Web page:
The Borrowing Dilemma: How Should I Pronounce a Foreign Word That I Insert into My Conversation?

The words for “coffee” in English, Korean, Chinese, Japanese, and Spanish all point to the same thing, and yet their pronunciations differ ever so slightly in each language. These words, called borrowings, all have a common origin, and sometimes it’s easy to figure out the definition of a new word in one language with knowledge of a borrowing in another language.

This phenomenon is fairly common for nouns like place names and people’s names, so, for the few languages I speak—Chinese, Japanese, Spanish, and English—I can easily notice those trivial details of diversity.

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I’ve even started to understand borrowings in the Korean that I’m learning. Therefore, I strive to pronounce words as close to their original pronunciation as possible to do their origins justice. If I’m talking to my Chinese mom about Hollywood, for example, instead of using the Chinese pronunciation “hǎoláiwù,” I say “HAH-lee-wood.” And, if I’m talking to my American friends about Tokyo, instead of the three-syllable English “TOH-kee-oh,” I say the two-syllable Japanese “tōkyō.”

But such decisions have betrayed me. Neither my mom nor my friends were able to understand what I said when I referred to the Japanese city. Even though the Japanese and English versions sound similar, to my American friends the sounds “tōkyō” didn’t link to a city in Japan as “TOH-kee-oh” probably would have. I was surprised that such a small difference in pronunciation would prevent Americans from understanding me. Perhaps if I spoke English with a Japanese accent throughout, “tōkyō” would sound more like an English word than if it popped up randomly during an English conversation. Thus, I concluded I should just stay with English pronunciations.

And yet, that choice also came back to bite me. One day I was chatting with a friend who understands Japanese, and the word karaoke came up. Confidently, I chose the English pronunciation to insert into our conversation. However, as soon as the word left me, my friend fired back, “Wow, Xin, that hurts my ears. I know you speak Japanese, so say it the right way!” Now, when I need to use a foreign word during a conversation, I go through a mini-flowchart in my head (see below)—or just change the subject.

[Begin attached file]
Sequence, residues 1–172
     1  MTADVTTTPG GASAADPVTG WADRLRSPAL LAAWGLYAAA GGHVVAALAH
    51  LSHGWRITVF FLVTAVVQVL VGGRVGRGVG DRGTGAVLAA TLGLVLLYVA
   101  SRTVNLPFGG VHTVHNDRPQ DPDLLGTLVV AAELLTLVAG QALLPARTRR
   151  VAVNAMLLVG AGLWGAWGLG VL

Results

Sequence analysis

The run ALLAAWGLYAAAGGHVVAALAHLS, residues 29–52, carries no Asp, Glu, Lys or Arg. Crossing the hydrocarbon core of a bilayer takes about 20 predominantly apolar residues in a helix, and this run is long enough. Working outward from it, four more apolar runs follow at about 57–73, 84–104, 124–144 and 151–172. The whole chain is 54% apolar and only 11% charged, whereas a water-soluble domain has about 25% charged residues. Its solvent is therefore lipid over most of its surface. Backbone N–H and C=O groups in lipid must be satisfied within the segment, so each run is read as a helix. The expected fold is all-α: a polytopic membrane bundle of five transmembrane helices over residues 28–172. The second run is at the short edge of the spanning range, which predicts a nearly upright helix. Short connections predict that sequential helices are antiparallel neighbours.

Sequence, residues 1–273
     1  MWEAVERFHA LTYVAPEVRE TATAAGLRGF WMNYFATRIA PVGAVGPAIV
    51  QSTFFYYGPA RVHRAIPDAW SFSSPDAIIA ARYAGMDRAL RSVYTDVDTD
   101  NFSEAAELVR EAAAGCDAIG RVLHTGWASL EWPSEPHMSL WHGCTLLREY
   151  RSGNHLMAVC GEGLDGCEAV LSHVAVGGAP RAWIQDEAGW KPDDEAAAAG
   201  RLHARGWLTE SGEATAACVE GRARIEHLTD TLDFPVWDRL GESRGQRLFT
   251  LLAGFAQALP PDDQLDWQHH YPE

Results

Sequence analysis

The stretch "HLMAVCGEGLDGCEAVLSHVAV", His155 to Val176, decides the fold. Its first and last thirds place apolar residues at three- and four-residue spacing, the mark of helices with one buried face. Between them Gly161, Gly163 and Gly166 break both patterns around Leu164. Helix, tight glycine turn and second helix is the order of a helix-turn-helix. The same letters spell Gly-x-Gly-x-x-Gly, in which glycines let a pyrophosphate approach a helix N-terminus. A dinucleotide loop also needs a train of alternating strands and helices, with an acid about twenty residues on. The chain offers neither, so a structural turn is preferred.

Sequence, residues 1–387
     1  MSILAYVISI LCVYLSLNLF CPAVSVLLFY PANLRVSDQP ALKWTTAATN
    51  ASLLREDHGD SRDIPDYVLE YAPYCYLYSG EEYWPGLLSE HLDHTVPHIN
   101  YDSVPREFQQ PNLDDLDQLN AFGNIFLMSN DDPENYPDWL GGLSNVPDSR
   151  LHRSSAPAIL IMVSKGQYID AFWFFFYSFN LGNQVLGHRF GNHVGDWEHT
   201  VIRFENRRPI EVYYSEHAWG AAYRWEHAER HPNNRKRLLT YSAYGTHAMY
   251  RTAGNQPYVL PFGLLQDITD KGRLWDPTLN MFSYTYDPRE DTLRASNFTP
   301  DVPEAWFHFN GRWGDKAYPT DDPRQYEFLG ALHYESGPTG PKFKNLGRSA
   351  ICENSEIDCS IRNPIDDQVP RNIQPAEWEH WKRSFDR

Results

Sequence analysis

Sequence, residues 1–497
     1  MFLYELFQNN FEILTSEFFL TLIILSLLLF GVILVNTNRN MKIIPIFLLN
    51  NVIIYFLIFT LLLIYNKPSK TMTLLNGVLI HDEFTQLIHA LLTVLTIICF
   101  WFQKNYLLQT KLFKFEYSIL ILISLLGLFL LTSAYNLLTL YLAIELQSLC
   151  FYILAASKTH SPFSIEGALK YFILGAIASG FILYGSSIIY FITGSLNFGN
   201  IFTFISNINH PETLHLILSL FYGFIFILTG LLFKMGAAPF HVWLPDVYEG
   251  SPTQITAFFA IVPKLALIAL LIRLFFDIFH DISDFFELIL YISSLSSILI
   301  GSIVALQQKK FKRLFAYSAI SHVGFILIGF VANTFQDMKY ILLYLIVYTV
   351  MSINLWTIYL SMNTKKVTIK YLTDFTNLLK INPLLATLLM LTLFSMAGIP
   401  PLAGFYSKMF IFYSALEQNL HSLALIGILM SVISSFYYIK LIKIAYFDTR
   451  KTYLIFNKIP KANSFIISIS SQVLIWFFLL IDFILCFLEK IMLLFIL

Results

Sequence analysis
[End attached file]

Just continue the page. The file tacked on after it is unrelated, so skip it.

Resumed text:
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  • john

    hmmmm, your thinking processes are beautiful and wonderful to go through as you describe them in your article. I do think your considerations are important as more and more cities have people who are from different countries and speak many different languages.

    Let me give you the thoughts of a person who was born and raised in New York City. NYC has several hundred spoken languages within its jurisdiction. On any given day you can hear any one of the several major languages and a host of languages that are in decline.

    I would suggest you use your flow chart in a formal environment, at work, in an international forum, in an educational environment.

    Mangling a language has its usefulness. Sure some people will be insulted at hearing their language mispronounced. But the kids usually get it right and would not find your flow chart useful at all. Follow the kids. They have the most fun and are usually the inventors of the new combined language. Increasingly more people understand the combined language which somehow manages to mangle all the languages involved in some new rhythmic word that somehow everyone can understand or figure out.

    An example of this in NYC is what is now called “Spanglish”. Another example of this the music form that combines salsa and reggae. The music is wonderful! We also see this throughout the Caribbean. Travel to Trinidad and experience the Hindu mixing with African Calypso and Chinese and European. Something else is born that is beautiful and wonderful.

    In sum, I do believe your approach is important, but in a more formal environment. I think approaching it from “what would the kids do” is also valuable and I could almost guarantee would have a broader cultural and linguistic effect over the long run.

    Thanks for your great contribution.

  • Lauren of Spanish Sabores

    This is a great way to describe this phenomenon. I’ve always wondered how to go about this and this makes perfect sense. But I still hate saying restaurant names like McDonalds and Burger King with a Spanish accent! Oh well…

  • Mike Smith

    I speak spanish and have spent quite bit of time in Mexico I looked diligently for the name of the last aztec emporor MONTEZUMA no such person only to discover that it is MOCTEZUMA and pronounced quite differently TIJUANA is not ti-a-wana is two sylables TI -wana
    When mexico I pronounce many words the mexican aztec or myan way So I have to make a strenuous effort to use the United States way of saying it Is this correct protocol even Its a bit like Rangoon which is from Portugese no doubt Anglo sised but changed by the military junta in Burma to Yangon to rid the British influence Is it when Rome _____?

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